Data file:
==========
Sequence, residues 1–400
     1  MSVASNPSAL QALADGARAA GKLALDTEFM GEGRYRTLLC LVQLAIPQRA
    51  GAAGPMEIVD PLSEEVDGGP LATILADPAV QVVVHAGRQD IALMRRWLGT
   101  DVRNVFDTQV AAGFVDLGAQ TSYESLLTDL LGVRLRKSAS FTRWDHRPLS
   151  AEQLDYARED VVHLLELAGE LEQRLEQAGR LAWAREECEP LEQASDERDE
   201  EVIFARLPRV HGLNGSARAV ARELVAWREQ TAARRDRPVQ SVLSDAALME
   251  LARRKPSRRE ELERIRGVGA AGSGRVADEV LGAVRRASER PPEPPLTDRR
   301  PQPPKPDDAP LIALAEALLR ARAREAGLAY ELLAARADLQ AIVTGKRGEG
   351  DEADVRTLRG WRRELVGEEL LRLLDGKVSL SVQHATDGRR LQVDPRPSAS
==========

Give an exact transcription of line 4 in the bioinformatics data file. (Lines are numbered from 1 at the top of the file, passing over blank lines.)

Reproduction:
   101  DVRNVFDTQV AAGFVDLGAQ TSYESLLTDL LGVRLRKSAS FTRWDHRPLS